1

I want to compare some strings, but unfortunately I don't find any proper way to do it.

The idea behind is to ask for a keyboard input, read a variable, one symbol and if it is "y" or "n" ("yes" or "no" apparently) it executes certain activities. If the value of the char is neither of them, the question is asked again, until either of "y" or "n" is not pressed. I don't understand how to implement that.

#include <stdio.h>
#include <string.h>

int main()
{
    char answer;

    answer='a';

    while (answer!='n'&&answer!='y')

    {

        printf("\nQuestion? (y/n) ");
        scanf("%c",&answer);

    }

    return 0;
}

This actually works pretty nice, but if I don't press 'y' or 'n', the "while" starts again and due to a reason I cannot understand, the "printf" is executed one times more, than the length of the input. So if we run this code and we apply "asdf" as an input (four symbols) the "printf" in the "while" is displayed five (four plus one) times. The result is:

Question? (y/n)
Question? (y/n)
Question? (y/n)
Question? (y/n)
Question? (y/n)

Everything else works really nice in my code, but this... Obviously, this is not the best way to approach. I have also tried "strcmp()":

#include <stdio.h>
#include <string.h>

int main()
{
    char answer='a';

    while (strcmp(answer,'n')!=0&&strcmp(answer,'y')!=0)

    {

        printf("Question?");
        scanf("%c",&answer);

    }

    return 0;
}

I don't know why, but the program doesn't even start. It is clear, that I haven't implemented "strcmp" properly and I don't understand what is wrong.

Any ideas, what should I do, so I can avoid multiple execution of the "printf" in the "while" or to make "strcmp" work the way I demand it to?

  • do you type asdf+'enter' by any chance? – Martin Beckett Nov 19 '17 at 20:13
  • Yes. And I honestly don't know other way to apply my input. – ecclesiastes Nov 19 '17 at 20:15
  • 1
    The enter is consudmed by the scanf..that 's why extra iteration – user2736738 Nov 19 '17 at 20:16
  • The 'enter' key counts as a character to scanf. Reading just a key without enter depends on your operating system, look for something like kbhit() and getkey(). Or test for the answer=='\n' and ignore it. – Martin Beckett Nov 19 '17 at 20:17
  • scanf(" %c",&answer); Try this...this will make sure the \n is consumed. – user2736738 Nov 19 '17 at 20:17
1

You probably want to read an entire line instead and interpret it as a whole. This way, you don't get the extra unwanted iterations when you enter a line with multiple characters, nor the extra one for the newline character. Look at the fgets() function.

scanf() is generally a poor choice beyond very simple input requirements, precisely because it is somewhat fuzzy and don't allow you to validate parts of the input before parsing it.

  • Thank you for your reply @Dolda2000. I have substituted scanf(" %c",&answer) with fgets(answer,1,stdin) and the program doesn't even start. Substituted with fgets(answer,2,stdin) causes the program to crash after I input a symbol. :( – ecclesiastes Nov 19 '17 at 20:38
  • To begin with, answer in your case is a character, rather than a pointer, so if anything, it should be &answer rather than just answer. However, in order to read an entire line, you'll definitely want a larger buffer than just one character. – Dolda2000 Nov 19 '17 at 20:40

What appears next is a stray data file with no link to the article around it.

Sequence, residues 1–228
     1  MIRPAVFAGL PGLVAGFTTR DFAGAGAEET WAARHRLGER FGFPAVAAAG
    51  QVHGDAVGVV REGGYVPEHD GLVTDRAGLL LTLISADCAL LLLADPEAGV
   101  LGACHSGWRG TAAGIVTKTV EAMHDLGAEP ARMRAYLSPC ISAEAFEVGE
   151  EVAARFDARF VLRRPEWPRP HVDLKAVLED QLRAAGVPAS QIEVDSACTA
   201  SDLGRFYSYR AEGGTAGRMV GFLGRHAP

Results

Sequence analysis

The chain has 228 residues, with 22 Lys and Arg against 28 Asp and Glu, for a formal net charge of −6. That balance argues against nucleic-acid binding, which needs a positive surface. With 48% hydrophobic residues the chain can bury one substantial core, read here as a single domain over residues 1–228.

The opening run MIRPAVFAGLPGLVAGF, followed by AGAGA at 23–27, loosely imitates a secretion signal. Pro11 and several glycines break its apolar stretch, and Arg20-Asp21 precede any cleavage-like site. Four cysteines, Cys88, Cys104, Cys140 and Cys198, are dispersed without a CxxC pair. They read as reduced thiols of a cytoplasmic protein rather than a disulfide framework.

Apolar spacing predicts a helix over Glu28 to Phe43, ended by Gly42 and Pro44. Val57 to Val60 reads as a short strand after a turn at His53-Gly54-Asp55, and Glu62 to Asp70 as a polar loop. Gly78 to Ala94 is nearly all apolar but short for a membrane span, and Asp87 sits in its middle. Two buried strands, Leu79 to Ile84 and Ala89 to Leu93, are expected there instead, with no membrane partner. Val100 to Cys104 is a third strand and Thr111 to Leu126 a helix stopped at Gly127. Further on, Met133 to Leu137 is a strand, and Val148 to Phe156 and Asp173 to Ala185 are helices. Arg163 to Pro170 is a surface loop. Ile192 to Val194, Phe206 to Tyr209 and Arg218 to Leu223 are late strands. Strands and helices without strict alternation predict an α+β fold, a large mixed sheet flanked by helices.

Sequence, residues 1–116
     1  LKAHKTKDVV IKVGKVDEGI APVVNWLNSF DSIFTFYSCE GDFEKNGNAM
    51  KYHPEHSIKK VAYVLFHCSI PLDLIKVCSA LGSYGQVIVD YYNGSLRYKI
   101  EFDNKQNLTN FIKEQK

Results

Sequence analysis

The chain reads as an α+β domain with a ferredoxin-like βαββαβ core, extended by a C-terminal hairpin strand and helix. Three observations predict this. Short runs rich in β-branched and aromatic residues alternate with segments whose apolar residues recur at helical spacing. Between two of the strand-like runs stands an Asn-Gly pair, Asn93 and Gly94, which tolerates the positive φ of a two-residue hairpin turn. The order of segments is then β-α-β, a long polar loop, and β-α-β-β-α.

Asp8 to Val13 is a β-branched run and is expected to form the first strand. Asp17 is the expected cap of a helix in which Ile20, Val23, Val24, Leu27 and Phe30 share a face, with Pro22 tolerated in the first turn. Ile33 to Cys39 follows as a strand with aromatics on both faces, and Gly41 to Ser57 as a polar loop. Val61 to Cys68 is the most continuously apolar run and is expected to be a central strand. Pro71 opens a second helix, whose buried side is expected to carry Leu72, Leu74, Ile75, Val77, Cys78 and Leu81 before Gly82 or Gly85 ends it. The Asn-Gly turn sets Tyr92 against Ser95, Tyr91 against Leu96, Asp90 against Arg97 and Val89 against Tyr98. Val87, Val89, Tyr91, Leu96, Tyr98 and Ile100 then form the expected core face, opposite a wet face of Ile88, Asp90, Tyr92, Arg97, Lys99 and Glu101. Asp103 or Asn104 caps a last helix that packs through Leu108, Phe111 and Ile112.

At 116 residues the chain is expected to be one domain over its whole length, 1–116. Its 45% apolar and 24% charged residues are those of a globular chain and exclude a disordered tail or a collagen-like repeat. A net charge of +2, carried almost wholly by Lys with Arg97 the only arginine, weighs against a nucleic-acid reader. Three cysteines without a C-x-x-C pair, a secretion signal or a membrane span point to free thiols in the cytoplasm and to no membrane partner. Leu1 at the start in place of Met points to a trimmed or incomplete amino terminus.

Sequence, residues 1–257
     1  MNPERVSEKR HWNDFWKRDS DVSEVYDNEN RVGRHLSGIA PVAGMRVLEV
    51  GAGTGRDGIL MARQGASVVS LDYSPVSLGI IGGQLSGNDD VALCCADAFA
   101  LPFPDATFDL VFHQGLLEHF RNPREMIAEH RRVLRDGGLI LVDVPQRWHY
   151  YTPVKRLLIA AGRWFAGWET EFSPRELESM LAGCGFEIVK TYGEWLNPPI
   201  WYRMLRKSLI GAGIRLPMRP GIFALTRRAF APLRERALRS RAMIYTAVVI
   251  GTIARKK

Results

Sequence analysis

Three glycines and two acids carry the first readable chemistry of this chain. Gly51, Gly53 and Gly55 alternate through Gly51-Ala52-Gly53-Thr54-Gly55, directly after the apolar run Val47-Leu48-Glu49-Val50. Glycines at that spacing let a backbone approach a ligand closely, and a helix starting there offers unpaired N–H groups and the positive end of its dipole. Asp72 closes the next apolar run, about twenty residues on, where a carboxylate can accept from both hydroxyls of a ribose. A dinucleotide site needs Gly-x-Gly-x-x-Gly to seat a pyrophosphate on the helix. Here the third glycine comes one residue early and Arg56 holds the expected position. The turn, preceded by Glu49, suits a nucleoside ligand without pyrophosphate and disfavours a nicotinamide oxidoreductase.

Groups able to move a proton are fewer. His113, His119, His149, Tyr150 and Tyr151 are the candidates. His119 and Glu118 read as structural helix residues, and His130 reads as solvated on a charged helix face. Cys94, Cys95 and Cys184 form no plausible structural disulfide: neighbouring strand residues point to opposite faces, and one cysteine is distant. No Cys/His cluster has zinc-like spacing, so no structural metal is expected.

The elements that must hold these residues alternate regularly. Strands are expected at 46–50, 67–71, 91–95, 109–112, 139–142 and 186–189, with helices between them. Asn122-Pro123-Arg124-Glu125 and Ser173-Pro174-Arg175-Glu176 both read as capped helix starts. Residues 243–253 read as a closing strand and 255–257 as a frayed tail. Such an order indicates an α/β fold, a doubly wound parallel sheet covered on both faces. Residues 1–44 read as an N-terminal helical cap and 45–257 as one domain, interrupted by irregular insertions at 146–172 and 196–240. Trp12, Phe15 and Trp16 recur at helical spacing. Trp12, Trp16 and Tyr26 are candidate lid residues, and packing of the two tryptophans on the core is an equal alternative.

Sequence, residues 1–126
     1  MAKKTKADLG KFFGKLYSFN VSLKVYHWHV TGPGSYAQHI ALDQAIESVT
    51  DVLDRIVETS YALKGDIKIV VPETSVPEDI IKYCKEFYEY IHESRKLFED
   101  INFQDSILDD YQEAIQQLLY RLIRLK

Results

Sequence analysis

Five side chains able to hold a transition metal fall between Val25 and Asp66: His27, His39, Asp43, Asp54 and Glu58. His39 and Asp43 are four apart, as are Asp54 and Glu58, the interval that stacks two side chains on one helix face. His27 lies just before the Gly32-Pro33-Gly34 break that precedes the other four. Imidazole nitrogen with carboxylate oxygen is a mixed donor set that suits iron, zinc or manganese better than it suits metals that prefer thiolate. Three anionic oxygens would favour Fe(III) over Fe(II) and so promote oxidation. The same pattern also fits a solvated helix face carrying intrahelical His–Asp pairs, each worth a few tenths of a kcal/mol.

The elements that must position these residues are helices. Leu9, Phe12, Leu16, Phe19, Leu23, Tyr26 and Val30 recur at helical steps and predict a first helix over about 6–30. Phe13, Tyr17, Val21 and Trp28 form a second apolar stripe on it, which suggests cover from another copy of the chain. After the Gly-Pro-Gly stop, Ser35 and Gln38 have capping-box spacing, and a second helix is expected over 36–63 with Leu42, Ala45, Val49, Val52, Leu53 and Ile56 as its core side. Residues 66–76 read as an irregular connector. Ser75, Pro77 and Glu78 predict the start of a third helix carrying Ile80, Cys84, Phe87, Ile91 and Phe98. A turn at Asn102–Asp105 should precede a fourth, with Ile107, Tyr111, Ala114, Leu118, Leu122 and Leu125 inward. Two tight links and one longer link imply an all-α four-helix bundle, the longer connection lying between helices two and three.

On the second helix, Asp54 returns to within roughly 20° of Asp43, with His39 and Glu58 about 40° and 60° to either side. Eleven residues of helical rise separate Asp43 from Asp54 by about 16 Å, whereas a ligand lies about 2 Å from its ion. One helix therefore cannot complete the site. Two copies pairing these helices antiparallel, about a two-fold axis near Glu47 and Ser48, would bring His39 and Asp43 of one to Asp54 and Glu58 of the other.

• @ecclesiastes: Note, also, that if you had compiled with warnings turned on, your compiler would have most likely told you that fgets(answer, 1, stdin) is wrong. – Dolda2000 Nov 19 '17 at 20:47
  • "warning: passing argument 1 of 'fgets' makes pointer from integer without a cast [enabled by default]", "warning: assignment makes integer from pointer without a cast [enabled by default]" You are correct. – ecclesiastes Nov 19 '17 at 21:10
1

The %c format specifier to scanf will read any character, including whitespace characters such as a newline.

So if you enter in a letter and press the ENTER key, the scanf will read the letter and return, leaving the newline in the input buffer. On the next iteration of the loop, the scanf will immediately consume the newline left in the buffer and answer will contain the newline character. That's why you're seeing the prompt printed twice.

You need to add a leading space in your scanf format:

scanf(" %c",&answer);

The space will consume any whitespace characters that are entered so that answer will only contain non-whitespace.

The reason you're having problems with strcmp is because you're not actually comparing strings but individual characters. Each argument to strcmp is expected to be a pointer to a character array containing a string. Instead, you're passing in a single character. The value of that character is then interpreted as an address and dereferenced. This invokes undefined behavior.

0

In C, a string literal is represented this way: "n", but you have char literals, 'n' ... they're very different. Use a string literal for the argument, and it should work better.

  • in the first example the poster is using chars - although in the 2nd case they do need to be strings – Martin Beckett Nov 19 '17 at 20:14
  • If I understood correctly, substituting every " with ' is what you suggest. Unfortunately neither of the two posted scripts works differently. Absolutely the same things happen. :( – ecclesiastes Nov 19 '17 at 20:19

Not the answer you're looking for? Browse other questions tagged or ask your own question.